Archive for January, 2013

Using “Rainy Day” Funds for Water Conservation a Great Idea!

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The Greater Edwards Aquifer Alliance (GEAA) endorses the position stated jointly by the Lone Star Sierra Club and the National Wildlife Federation – Meeting Texas Water Needs.

Recognizing the need for Texans to address our water needs, GEAA supports Representative Ritter’s HB 4 and HB 11 authorizing a one-time allocation of $2 billion from the State’s “Rainy Day” funds to capitalize a new, dedicated revolving fund for use in financing water projects in the State Water Plan. HB 4 especially recognizes two very important principles that the environmental community and others have flagged as critical to our water future: the need to prioritize projects for state financial assistance and the fact that water conservation is a key component of meeting water needs.

GEAA will be working to insure that half of this funding is dedicated to projects that conserve water, and advocating that the Texas Water Development Board (TWDB) devote funding to state wide conservation efforts that might succeed in significantly lowering water use. TWDB grant funding for large projects should be contingent on the applicant having achieved State adopted conservation goals and establishing an effective drought management plan.

The TWDB needs to make funds available to fix leaks in municipal water systems, especially for small municipalities that do not have the tax base to float bonds for this purpose. Figures on leak ratios for small service providers State wide are very high, some has high as 25%. TWDB should also add funding for conservation projects for small municipalities and can explore whether there are Federal funds to augment these efforts. Making the water conservation programs, similar to those implemented by San Antonio, available to smaller systems statewide could yield significant savings and are worthy of funding at the State level. Likewise, water conservation efforts targeted at exempt well owners state wide could yield significant aggregate savings of groundwater.

We look forward to working with Representative Ritter and other state legislators to assure that Texas takes an effective and comprehensive approach to addressing all of our state’s water needs through conservation, drought response, environmental flow protection, and water and wastewater infrastructure*.

(*Many thanks to Ken Kramer for summing this up so nicely.)


House Committee Recommends Keeping the Status Quo

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The Interim Report of the House Committee on Land and Resource Management has some overall good news in regards to what might or might not come up during the 83rd session.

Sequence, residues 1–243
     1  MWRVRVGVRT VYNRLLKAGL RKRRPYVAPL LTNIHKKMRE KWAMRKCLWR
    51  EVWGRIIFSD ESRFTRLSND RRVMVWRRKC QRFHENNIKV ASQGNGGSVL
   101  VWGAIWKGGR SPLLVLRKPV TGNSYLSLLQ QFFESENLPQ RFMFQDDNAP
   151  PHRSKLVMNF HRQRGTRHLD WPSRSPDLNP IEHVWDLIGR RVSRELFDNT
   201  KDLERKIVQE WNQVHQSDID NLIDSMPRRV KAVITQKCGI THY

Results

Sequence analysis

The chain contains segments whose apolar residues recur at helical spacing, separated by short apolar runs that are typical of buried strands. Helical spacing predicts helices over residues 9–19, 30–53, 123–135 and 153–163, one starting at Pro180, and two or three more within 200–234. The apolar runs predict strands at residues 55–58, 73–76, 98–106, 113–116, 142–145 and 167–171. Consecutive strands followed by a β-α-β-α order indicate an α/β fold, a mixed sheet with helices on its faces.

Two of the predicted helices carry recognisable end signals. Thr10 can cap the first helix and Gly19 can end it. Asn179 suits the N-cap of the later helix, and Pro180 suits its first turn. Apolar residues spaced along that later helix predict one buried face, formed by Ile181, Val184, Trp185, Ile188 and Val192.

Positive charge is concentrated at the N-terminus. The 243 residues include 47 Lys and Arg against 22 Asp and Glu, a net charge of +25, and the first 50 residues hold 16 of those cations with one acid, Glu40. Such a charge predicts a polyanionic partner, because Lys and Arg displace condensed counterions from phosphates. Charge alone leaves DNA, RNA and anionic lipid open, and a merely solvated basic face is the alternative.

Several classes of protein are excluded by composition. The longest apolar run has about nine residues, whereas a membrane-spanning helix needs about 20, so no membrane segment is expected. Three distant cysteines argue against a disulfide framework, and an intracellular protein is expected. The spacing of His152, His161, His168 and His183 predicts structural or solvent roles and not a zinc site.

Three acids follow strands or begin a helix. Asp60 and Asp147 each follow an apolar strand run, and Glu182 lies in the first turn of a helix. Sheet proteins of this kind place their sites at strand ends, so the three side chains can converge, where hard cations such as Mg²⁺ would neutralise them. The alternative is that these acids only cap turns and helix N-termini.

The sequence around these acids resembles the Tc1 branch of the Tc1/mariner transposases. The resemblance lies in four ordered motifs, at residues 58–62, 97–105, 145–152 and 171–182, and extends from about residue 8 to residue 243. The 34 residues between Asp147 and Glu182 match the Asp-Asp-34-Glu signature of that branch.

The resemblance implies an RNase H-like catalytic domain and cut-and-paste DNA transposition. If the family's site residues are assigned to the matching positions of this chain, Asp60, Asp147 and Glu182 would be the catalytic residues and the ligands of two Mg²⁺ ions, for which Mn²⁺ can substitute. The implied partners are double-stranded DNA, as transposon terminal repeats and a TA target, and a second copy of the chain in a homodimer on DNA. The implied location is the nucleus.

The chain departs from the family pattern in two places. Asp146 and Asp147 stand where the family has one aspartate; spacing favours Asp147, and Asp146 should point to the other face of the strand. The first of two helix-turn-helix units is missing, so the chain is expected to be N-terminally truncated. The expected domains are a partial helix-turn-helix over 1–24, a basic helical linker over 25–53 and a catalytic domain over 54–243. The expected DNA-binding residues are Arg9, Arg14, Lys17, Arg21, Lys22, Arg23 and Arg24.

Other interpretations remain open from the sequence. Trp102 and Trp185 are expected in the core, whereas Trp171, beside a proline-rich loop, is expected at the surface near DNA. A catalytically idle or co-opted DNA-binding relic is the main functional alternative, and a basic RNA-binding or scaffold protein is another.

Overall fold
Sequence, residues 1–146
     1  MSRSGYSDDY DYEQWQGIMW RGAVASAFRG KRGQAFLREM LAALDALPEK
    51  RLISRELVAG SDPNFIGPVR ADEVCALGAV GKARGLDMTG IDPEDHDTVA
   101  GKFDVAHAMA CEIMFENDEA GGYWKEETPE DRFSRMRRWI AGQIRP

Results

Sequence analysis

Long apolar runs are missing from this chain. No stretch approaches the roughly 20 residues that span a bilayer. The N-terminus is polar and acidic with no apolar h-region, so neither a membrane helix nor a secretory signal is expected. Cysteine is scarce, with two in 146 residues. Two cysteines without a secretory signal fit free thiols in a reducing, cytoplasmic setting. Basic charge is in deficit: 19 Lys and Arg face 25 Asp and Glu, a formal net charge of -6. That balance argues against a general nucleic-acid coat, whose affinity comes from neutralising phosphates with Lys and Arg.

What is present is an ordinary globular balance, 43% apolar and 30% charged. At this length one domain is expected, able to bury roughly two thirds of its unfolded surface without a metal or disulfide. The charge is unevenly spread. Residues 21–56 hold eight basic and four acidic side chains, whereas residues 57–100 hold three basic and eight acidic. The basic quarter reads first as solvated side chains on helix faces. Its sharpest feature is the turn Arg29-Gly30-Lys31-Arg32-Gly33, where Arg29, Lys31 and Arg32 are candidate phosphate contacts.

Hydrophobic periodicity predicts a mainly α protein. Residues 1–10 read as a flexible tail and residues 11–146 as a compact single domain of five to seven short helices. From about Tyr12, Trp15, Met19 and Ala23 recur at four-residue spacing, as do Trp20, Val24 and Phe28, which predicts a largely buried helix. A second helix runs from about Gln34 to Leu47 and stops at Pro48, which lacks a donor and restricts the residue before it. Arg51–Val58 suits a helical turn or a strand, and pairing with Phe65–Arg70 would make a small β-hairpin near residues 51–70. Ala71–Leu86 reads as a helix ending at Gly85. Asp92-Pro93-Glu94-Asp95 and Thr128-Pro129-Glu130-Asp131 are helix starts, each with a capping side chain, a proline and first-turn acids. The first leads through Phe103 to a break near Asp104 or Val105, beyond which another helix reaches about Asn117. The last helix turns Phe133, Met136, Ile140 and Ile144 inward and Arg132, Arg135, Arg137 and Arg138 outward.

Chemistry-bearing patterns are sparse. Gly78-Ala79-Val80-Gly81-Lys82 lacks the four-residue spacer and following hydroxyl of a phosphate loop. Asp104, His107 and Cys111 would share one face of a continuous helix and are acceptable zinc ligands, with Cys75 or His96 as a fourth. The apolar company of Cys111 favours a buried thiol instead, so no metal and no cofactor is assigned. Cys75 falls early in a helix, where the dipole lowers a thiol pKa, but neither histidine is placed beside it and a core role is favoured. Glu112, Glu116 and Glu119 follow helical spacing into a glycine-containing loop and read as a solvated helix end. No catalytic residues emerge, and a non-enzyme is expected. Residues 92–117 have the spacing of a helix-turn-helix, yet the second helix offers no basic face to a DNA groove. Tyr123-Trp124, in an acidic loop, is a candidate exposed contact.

Among other charges, the committee was directed to “Examine current regulatory authority available to municipalities in their extraterritorial jurisdiction (ETJ)” and to “Make necessary legislative recommendations to ensure a proper balance between development activities and municipal regulations.”

We had dreaded the prospect that two bills filed last session that would have prohibited Texas cities from enforcing tree ordinances in their ETJ’s would be refilled this session. The interim report stated that most of the testimony provided to the committee focused on a specific tree ordinance in the City of San Antonio. Thanks to the City of San Antonio and the Joint Base San Antonio-Fort Sam Houston for testifying in defense of SA’s ordinance.

While troubling that the committee “had concerns regarding excessive and abusive regulations which impede or deny property owners their right to develop land as they see fit”, they also recommended that “these regulations should be addressed with targeted, local bills brought by members who represent the area affected by the regulations.” We would hope that none of our San Antonio delegation will file such a bill. But, we will be keeping an eye out and will keep you posted.

The committee was also charged to “Examine the effectiveness of the Texas Private Real Property Rights Preservation Act”. The TPRPRPA (whew!), which was passed in 1995 in response to San Antonio and Austin water quality ordinances, currently exempts cities under the Act. Despite lengthy testimony from vested interests who oppose the exemption of cities, the committee recommended that the Act remain as is, citing “the unintended consequences on municipalities using legitimate public policy oriented regulations.”

I will continue to keep you up to date, and to call on you to take action when needed during this Legislative Session. With all the attention being paid to water (or, lack of it) this will certainly be a busy session for us. The diversity of our Alliance is recognized by our Legislators, and really gives heft to GEAA’s shared agenda – so, a big thanks to all of you for your participation in GEAA!

Clearcut San Antonio